Please remember to inform the enquirer that such action will be taken conditionally: ie "if the person is a member of the Company" to avoid confirming their membership of, their presence in or their absence from the company.
If in doubt, staff should seek advice from their Head of Department/Section or the Company Data Protection Officer.
In respect of clients’ customer data, client business rules will dictate how long the data is retained.
ESP Systex clients may use their own systems or ESP Systex systems to hold and process customer data.
Where ESP Systex hold customer data on behalf of our clients, it is stored within the UK and no data is held locally. All data is stored in secure data centres in England at RackSpace in London (a respected tier 1 data centre) and within the Microsoft Azure cloud.
The main areas which are relative to how we store and protect client data are shown below:
Where data is held on ESP Systex/ESP Group systems, processes are in place for secure data disposal when no longer needed with hard drive data wiped to CESG standard. Our Asset disposal process requires that our hardware disposal partner RecycleIT collect retired hardware assets using GPS tracked vehicles, driven by CRB checked staff.
The Company discourages the retention of personal data for longer than they are required. Considerable amounts of data are collected on current staff However, once a member of staff has left the company, it will not be necessary to retain all the information held on them. Some data will be kept for longer periods than others as indicated below.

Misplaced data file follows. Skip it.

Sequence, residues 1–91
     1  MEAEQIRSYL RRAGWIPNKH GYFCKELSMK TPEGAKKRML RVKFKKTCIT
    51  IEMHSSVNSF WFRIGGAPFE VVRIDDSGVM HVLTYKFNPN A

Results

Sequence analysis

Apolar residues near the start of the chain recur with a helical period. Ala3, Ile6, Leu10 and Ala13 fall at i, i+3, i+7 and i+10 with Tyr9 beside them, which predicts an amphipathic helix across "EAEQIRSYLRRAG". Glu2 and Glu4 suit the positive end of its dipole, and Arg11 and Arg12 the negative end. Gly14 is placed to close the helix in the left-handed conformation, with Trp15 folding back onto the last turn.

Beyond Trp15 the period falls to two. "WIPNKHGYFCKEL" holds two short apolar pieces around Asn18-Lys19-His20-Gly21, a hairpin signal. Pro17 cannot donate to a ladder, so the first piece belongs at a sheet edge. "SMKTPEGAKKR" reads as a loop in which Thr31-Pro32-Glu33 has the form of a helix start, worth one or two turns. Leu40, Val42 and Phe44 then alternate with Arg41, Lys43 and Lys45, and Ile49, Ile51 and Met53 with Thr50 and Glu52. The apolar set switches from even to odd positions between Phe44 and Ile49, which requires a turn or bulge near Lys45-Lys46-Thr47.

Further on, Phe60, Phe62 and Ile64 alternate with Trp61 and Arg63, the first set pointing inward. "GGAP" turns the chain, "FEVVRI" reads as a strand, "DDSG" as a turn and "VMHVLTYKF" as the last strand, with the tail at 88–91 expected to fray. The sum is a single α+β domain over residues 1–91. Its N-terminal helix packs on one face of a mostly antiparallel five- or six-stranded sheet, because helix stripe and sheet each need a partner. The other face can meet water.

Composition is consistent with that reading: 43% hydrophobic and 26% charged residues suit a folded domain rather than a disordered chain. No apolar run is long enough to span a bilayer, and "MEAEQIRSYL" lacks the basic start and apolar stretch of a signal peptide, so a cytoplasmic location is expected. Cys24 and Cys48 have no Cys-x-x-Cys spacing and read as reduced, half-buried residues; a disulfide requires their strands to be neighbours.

In general, electronic staff records containing information about individual members of staff are kept indefinitely and information would typically include name and address, positions held, leaving salary. Other information relating to individual members of staff will be kept by the Personnel Department for 6 years from the end of employment. Information relating to Income Tax, Statutory Maternity Pay etc will be retained for the statutory time period (between 3 and 6 years).
Information relating to unsuccessful applicants in connection with recruitment to a post must be kept for 12 months from the interview date. Personnel may keep a record of names of individuals that have applied for, be short-listed, or interviewed, for posts indefinitely. This is to aid management of the recruitment process.
Personal data must be disposed of in a way that protects the rights and privacy of data subjects (eg, shredding, disposal as confidential waste, secure electronic deletion to CESG standards).
This policy will be updated as necessary to reflect best practice in data management, security and control and to ensure compliance with any changes or amendments made to the Data Protection Act 1998
In case of any queries or questions in relation to this policy please contact the ESP Group IT Manager: George Mair - Group IT Manager